The show had to stop production in November 2007 because of a writer's strike. The show's star Steve Carell (himself a WGA member) supported the writers, and refused to cross the picket lines even for non-writing duties. Carell went so far as to call in sick to the network on the first day of the strike, citing a case of "enlarged balls" as the reason he couldn't come in.
Paul Lieberstein's role as Toby Flenderson was meant to be a one-time appearance, since Lieberstein had never acted before, and never actually wanted to because of his quiet, reserved personality. However, NBC President Kevin Reilly saw the episode where Toby appeared and reportedly said "That red-haired guy is terrific, we should see more of him." Toby then became a recurring character, and the cast and crew have repeatedly lavished praise on Lieberstein's acting abilities, and he has allowed the role to expand somewhat while remaining abashed by the attention it's brought to him. Notably, Toby has no or few lines or story presence in any episode that Paul Lieberstein writes or directs.
Steve Carell only watched a few minutes of the British version before permanently stopping such viewing because he did not want to copy Ricky Gervais' performance as the office manager. John Krasinski, on the other hand, was an avid viewer of the original.
Some of the video used in the opening theme song specifically the exterior shot of the building was taken by John Krasinski and his friends in their Jeep. John had just gotten the part and was coming out for shooting.
Dwight states that Jim Halpert "looks like the world's tallest hobbit". The character of Jim is based upon Tim Canterbury from the original UK version, Tim was played by Martin Freeman, who would go on to play Bilbo Baggins in The Hobbit: An Unexpected Journey (2012).
It is frequently mentioned that the characters Phyllis Lapin Vance and Michael Scott are the same age, having gone to high school together. In real life Phyllis Smith is 11 years older than Steve Carell.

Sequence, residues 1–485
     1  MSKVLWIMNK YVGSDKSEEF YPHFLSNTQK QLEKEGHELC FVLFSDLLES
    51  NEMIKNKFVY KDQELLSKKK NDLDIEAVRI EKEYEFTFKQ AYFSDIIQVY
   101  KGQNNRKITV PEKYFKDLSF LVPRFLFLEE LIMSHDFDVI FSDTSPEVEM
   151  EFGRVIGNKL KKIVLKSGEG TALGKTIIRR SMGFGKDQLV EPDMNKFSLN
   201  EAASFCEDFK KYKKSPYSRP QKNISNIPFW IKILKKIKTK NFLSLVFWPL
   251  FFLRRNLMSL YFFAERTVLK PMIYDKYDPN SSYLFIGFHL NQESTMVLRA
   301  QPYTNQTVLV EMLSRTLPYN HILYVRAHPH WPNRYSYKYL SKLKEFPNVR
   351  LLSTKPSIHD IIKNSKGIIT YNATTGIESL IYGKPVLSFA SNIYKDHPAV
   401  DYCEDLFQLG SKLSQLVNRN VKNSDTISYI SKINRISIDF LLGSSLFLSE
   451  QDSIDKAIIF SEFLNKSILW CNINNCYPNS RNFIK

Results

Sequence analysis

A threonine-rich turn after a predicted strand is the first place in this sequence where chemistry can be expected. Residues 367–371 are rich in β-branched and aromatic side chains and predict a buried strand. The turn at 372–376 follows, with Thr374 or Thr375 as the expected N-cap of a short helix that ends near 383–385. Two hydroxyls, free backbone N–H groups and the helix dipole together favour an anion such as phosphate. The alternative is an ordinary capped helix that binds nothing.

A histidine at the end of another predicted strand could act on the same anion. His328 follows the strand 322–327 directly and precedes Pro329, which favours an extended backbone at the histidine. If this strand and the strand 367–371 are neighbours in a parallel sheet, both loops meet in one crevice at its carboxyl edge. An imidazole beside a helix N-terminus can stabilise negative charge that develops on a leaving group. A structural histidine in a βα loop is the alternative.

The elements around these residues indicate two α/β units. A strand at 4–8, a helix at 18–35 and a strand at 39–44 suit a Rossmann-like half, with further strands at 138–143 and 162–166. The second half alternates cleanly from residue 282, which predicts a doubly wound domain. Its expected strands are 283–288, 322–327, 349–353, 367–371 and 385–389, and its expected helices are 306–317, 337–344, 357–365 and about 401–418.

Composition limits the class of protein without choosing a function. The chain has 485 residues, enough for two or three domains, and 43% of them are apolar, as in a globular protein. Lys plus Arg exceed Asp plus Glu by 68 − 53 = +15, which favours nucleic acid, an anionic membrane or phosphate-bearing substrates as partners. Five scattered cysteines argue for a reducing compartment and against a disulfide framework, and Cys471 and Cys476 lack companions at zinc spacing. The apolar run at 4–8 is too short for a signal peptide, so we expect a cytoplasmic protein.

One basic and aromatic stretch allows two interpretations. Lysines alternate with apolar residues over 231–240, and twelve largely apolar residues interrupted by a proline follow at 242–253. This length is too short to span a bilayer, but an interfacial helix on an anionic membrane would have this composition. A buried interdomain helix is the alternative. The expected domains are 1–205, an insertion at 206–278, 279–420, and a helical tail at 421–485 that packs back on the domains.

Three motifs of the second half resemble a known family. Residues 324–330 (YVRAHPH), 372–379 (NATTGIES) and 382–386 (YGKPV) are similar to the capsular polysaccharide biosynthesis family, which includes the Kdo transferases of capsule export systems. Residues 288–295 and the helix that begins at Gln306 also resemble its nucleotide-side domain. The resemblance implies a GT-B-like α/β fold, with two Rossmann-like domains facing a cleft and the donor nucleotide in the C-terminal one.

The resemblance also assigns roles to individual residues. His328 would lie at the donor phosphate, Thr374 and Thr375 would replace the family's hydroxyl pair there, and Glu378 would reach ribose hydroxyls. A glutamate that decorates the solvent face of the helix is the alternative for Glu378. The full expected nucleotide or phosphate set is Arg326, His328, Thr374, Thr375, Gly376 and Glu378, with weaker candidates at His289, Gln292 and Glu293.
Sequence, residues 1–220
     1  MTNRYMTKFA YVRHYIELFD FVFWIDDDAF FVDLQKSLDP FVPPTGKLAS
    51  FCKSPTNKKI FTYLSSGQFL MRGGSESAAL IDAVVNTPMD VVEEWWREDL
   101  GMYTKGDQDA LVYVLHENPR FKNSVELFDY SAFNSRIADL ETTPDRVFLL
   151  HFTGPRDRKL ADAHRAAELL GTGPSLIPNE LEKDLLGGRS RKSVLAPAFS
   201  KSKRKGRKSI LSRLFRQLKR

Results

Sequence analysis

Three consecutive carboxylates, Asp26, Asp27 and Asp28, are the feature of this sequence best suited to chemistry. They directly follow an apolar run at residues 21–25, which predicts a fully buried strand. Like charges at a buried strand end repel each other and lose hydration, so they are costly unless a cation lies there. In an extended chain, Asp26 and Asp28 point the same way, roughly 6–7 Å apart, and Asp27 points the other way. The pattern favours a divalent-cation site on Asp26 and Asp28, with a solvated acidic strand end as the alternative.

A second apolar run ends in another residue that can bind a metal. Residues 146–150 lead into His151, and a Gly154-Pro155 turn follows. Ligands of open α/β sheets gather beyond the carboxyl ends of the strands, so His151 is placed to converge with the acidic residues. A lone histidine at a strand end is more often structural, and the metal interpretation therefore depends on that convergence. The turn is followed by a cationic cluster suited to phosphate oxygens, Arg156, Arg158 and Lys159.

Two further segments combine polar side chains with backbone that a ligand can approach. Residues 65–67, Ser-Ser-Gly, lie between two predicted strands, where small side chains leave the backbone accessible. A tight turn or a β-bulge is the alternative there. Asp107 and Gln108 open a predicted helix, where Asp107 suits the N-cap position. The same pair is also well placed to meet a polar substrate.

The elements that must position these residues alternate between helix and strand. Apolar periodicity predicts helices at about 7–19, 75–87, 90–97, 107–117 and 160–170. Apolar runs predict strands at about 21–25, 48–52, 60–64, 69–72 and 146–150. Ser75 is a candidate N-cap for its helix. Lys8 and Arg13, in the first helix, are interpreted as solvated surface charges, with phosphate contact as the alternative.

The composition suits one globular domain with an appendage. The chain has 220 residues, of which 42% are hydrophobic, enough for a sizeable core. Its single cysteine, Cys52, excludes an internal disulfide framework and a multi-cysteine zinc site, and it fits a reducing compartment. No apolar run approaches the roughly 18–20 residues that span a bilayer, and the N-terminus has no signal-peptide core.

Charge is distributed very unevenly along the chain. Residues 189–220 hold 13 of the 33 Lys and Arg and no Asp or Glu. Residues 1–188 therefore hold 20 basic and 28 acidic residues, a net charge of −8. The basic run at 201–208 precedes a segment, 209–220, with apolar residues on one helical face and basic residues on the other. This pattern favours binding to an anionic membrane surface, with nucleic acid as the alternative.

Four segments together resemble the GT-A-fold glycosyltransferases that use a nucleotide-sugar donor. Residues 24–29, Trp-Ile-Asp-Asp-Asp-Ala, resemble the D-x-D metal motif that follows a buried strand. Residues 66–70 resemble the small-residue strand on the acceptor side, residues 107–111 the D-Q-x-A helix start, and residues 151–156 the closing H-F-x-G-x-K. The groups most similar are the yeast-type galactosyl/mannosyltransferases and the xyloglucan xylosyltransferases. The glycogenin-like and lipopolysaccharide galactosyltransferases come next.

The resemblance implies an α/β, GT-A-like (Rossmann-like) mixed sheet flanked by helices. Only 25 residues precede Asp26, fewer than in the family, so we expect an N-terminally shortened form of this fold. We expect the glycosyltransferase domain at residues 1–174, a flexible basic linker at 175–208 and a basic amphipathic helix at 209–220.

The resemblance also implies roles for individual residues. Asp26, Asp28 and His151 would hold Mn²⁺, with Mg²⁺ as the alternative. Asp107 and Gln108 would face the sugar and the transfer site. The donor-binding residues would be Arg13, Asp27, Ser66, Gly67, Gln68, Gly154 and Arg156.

Michael Scott's home address is shown as either 42 Kellum Court (per NBC's Dunder Mifflin website) or 126 Kellum Court (seen on the show). Kellum Court is a real street in Scranton, but house numbers start at 300 because of the city block numbering system. If it existed, the physical location of 42 Kellum Court would actually be in the rock quarry depicted behind the "Scranton Welcomes You" sign in the opening credits.
The first season was filmed in actual office space located just above a sound-stage. The sound-stage is often used to replicate the Dunder-Mifflin warehouse, most notably in the "Basketball" episode. For the second season, an exact set replica of the original office was built on a sound-stage for further shooting.
Many main and supporting cast members have written episodes of the show. B.J. Novak (Ryan), Paul Lieberstein (Toby) and Mindy Kaling (Kelly) wrote 12 of the 28 episodes over the first and second seasons (albeit separately). (Liberstein would even go on to direct a fourth season episode, "Money".) Steve Carell (Michael Scott) has written two episodes so far: "Casino Night" (which was the second season finale) and "Survivor Man". One episode (2.8, "Performance Review") was written by Larry Wilmore, who plays Mr. Brown, the diversity instructor. Michael Shur, a seasoned writer, plays Dwight's cousin Mose Schrute. Gene Stupinsky and Lee Eisenberg, two writing partners, play the delivery men in the Valentine's Day episode and others. Greg Daniels, the developer and show runner of the Office, played Michael's neighbor in "Office Olympics" but his scene was cut.
The "Welcome to Scranton" sign featured in the opening credits, formerly located on the Central City Expressway, is now on display in the food court of the Mall at Steamtown. It is setup with a backdrop so people can get their picture with it. It was moved there when the city replaced the signs with new signs.